ROLE OF TEC FAMILY KINASES IN REGULATING MAP KINASES

Open Access
Author:
Khong, Hong-Hanh Minh
Area of Honors:
Immunology and Infectious Disease
Degree:
Bachelor of Science
Document Type:
Thesis
Thesis Supervisors:
  • Avery August, Thesis Supervisor
  • James Endres Howell, Honors Advisor
Keywords:
  • Itk
  • Txk
  • MAPK
  • ERK
  • PLC-γ
  • T cell signalling
Abstract:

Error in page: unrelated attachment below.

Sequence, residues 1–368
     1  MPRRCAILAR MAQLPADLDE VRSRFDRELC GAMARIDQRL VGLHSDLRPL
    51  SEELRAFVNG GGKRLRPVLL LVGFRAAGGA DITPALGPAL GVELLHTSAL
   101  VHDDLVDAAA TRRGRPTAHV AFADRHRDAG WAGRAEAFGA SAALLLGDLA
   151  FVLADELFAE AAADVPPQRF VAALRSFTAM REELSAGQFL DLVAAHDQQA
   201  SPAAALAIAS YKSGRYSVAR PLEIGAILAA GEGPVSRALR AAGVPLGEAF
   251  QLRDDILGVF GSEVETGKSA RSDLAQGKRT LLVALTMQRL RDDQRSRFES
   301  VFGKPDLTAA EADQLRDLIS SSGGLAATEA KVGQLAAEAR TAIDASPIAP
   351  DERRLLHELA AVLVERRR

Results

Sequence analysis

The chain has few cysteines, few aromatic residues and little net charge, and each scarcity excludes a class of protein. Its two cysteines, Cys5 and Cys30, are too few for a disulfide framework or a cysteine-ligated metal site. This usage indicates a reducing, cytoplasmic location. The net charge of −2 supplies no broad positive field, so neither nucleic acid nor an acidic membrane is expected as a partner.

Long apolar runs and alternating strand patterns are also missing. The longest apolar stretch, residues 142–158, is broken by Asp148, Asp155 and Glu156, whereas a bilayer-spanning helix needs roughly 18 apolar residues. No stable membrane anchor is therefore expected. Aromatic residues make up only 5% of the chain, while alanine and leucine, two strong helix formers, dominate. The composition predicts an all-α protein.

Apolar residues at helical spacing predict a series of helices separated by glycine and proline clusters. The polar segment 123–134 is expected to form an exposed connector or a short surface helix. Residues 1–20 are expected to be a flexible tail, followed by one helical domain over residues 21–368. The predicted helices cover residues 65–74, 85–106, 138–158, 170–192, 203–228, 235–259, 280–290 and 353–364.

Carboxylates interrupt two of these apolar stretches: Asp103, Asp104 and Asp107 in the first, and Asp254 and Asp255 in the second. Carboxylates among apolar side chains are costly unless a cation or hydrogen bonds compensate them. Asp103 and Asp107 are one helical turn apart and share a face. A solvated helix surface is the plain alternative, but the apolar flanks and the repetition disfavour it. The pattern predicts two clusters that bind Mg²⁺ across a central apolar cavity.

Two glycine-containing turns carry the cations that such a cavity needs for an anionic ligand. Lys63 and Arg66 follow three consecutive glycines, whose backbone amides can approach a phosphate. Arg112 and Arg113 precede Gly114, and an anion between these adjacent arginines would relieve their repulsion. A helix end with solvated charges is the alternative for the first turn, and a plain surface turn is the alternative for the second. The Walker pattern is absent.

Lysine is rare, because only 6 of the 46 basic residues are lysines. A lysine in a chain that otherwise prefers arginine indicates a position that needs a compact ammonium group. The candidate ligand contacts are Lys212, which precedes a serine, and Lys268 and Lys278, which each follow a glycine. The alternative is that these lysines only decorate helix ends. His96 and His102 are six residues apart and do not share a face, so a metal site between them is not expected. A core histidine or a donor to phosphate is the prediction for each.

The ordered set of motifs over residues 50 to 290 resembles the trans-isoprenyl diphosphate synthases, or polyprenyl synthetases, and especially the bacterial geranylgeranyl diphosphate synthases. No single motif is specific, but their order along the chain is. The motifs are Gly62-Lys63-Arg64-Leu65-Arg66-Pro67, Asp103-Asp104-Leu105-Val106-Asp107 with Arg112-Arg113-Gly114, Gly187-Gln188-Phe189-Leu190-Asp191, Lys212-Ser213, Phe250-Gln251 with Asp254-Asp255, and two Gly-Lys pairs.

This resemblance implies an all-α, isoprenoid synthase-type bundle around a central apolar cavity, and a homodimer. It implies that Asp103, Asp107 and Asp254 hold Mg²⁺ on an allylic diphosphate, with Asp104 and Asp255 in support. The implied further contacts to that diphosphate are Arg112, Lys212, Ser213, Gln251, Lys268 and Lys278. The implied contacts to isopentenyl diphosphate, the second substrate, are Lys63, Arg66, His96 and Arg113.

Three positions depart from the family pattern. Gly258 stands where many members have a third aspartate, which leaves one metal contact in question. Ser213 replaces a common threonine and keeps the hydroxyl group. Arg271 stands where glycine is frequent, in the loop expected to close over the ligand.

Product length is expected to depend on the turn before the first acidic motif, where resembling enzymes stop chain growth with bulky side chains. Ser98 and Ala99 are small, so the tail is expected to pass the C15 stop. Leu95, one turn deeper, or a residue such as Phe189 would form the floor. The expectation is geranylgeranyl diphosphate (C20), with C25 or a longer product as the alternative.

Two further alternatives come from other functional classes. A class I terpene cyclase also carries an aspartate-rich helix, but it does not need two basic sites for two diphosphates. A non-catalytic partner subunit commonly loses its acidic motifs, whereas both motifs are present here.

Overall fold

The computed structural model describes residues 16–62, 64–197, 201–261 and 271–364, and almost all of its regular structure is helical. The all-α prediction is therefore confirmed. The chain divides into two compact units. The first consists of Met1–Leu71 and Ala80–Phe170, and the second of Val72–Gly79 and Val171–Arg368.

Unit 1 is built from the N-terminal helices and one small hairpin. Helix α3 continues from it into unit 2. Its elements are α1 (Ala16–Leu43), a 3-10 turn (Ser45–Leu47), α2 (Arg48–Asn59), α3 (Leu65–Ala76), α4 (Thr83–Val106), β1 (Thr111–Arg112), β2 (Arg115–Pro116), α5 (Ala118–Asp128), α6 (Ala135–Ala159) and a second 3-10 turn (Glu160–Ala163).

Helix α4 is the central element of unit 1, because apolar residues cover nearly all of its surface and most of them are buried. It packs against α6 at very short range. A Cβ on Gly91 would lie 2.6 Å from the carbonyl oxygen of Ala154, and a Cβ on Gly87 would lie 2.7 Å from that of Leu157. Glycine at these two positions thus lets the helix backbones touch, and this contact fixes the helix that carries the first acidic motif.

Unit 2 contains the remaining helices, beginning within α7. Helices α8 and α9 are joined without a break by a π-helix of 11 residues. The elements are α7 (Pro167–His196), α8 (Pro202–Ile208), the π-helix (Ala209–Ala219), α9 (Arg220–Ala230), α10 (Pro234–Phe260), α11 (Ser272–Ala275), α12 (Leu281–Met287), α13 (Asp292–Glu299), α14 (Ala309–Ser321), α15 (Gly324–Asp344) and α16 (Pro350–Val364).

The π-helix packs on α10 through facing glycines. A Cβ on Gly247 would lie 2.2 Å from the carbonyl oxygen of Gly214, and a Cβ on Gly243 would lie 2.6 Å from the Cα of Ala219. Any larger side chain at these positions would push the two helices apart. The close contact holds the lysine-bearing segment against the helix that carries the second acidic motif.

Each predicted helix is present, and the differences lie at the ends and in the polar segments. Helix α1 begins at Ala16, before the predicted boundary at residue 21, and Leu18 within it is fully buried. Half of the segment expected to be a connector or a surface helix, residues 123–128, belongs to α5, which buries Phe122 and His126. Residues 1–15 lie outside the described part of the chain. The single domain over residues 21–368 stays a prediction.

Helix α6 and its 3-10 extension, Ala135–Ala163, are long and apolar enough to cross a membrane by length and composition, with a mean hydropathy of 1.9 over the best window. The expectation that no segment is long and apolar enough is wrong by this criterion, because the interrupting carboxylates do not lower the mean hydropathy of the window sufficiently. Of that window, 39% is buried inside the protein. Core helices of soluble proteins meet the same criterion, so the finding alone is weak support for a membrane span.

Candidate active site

Itk and Txk are TEC family kinases that are important effectors found downstream of the T cell receptor which are involved in T cell signaling, function, and differentiation. While they appear to share homologous domains towards their carboxy-terminals, these two kinases are differentiated by their N-terminal domain. Txk is characterized by a palmitoylated series of cysteine residues which allows it to be constitutively associated with the plasma membrane. Itk, on the other hand, must be recruited to the plasma membrane via its PH domain upon TCR activation. It is thought that these domains played a role in facilitating the activation of the MAPK pathway by affecting kinase localization. In order to evaluate their differential roles in regulating the MAPK pathway, chimera constructs were generated by swapping the N-terminus of these two kinases. The study determined that Itk and PH-Txk phosphorylate PLC-γ at profoundly higher levels than Txk and Cys-Itk. While Itk may lead to greater levels of ERK phosphorylation than TXK, these differences in MAPK activation were not nearly as significant as those observed for phosphorylated PLC-γ. Additionally, there was no difference between the wild type kinases and their respective chimera constructs in their ability to phosphorylate ERK. Lastly, it was determined that Itk played a role in cell proliferation not only during T cell activation but during resting state as well. Thus, it was determined that the PH domain is critical in facilitating Itk’s function to phosphorylate PLC-γ but not to activate MAPKs; Txk may activate the MAPK pathway via a compensatory mechanism that is independent of PLC-γ and finally, ITK may be important for cell survival and growth during resting state.